And borrowing needs of the Polish economy will be rising…

Corporate loans are accelerating, most of all those with the term of 5 – 10 years, i.e. investment loans. Between 2006 and 2011 their value rose by 209%, and the value of corporate deposits rose by more than 100%.

At the current juncture the value of investment loans with the maturity of over 10 years is only ca. PLN 40 bln, of which PLN 15 bln is denominated in foreign currencies, and  we should bear in mind the investment needs in Poland’s construction and road infrastructure projects. The amount in question is hardly exorbitant if compared to ca. PLN 320 bln of mortgage loans. The corporates, not only banks, fund themselves abroad, if they only can. This form of funding is cheaper for them on account of the interest rate disparity. Any enterprise that can obtain foreign funding and cover the exchange rate risk, e.g. through exports, raises its funds abroad, optimally from a mother company, if any.

On the other hand, large investments are in the pipeline, besides the infrastructure we may also mention power sector, maybe a nuclear power station, shale gas exploration… Those render into tens if not hundreds of billions of zloty within the nearest years. Where should we take the money from?

The problem of long-term financing sources may only turn more severe. It is not existent in the developed economies because the funds are circulating, as it is in Poland in the consumer loan market.

Does it mean that the mortgage loan boom from the years 2005-2007 has depleted the further potential of  financing the economy?

A couple of years ago banks did not yet finance the demand for loans from their deposit base. A loan boom was financed from deposit surplus. Currently, there is no deposit surplus.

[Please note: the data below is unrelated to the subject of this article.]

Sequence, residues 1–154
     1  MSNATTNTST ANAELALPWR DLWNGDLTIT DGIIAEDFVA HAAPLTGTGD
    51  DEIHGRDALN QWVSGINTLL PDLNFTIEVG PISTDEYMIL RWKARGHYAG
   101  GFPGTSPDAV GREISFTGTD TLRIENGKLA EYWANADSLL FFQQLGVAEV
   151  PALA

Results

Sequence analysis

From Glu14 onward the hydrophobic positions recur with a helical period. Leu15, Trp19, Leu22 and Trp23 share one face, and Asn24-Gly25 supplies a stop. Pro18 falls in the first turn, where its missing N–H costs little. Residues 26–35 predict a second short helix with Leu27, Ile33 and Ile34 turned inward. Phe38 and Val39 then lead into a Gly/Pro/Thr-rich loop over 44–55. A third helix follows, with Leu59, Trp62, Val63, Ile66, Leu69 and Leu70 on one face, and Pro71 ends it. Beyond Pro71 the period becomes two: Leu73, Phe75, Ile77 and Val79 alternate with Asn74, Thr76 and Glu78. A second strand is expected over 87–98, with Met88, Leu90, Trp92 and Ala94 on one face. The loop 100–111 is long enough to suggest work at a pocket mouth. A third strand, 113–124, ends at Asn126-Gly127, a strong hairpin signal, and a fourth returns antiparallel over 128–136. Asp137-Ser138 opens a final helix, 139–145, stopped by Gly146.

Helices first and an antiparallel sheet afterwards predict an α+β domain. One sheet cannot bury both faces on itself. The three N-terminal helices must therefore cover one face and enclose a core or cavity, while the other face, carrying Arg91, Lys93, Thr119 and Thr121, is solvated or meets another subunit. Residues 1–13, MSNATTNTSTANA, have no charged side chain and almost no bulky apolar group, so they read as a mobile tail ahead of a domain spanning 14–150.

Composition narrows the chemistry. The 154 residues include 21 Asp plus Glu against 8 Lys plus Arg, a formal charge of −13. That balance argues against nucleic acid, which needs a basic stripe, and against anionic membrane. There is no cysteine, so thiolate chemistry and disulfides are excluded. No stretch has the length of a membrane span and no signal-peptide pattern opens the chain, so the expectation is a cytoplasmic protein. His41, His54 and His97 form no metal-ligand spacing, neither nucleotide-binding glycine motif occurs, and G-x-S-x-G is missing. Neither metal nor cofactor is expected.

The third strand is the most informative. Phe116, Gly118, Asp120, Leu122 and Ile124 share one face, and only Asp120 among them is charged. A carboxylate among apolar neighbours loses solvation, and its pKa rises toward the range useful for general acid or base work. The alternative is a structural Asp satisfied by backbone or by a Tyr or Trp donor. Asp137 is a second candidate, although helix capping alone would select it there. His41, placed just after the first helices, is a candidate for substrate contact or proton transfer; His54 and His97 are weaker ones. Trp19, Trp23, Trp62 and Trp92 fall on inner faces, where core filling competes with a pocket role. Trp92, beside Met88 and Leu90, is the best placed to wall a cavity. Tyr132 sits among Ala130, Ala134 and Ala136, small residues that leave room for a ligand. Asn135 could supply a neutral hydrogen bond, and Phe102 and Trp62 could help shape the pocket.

Where are the major risk areas in the Polish banking sector?

Household financing is performing well.

Does the future look also good?

Mortgage loan performance develops on a decent ratio. These however are new long-term loans, so the future developments are yet to be seen. The interest rates fell worldwide and absorbed shock caused by the zloty depreciation on the level of a loan installment. Households, in statistical terms at least, have felt no crisis as yet. Though unemployment has risen, the employment has ebbed down only marginally, the real wages have also been creeping up. But if the labour market collapses, on the back of economic downturn, it may hit  the households in the times to come.

Are there many bad consumer loans?

The quality of consumer loans has considerably improved. The historical „residue” of bad loans remains significant but banks have created the required provisions, so the loans pose no threat to the banks. The consumer loans granted in 2009 and more recently have been of much better quality than those of the preceding years. In the segment of loans for households, housing loans and consumer loans, the situation in the banking sector is entirely stable and safe.

By Jacek Ramotowski

Andrzej Topiński is Chief Economist of the Credit Information Bureau (Biuro Informacji Kredytowej – BIK), prior to that he was the President of the bank PKO BP  and acting President of the NBP.

The Author works for the economic section of „Rzeczpospolita” daily. Prior to that he was the editor-in-chief of the economic service of Polish Press Agency PAP-Biznes.

OF

Otwarta licencja


Tags


Related articles

Credit risks for Southeast European banks

Category: Financial markets
In the Southeast Europe (SEE) banking has changed significantly. Before 2008 crisis the largest growth of assets was in housing loans, today the growth is noticeable, first of all, in the non-purpose cash loans.
Credit risks for Southeast European banks

European banks increasingly resilient to shocks

Category: Financial markets
The results of the stress tests indicate that European banks have stronger capital positions and are more resilient to shocks than two years ago.
European banks increasingly resilient to shocks

Banks are struggling under the pressure of rising costs

Category: Financial markets
The Polish banking sector is feeling the pressure of rising personnel costs and costs related to IT investments. Burdens are growing while the rate of return on equity declines, thus the consolidation of the sector may accelerate.
Banks are struggling under the pressure of rising costs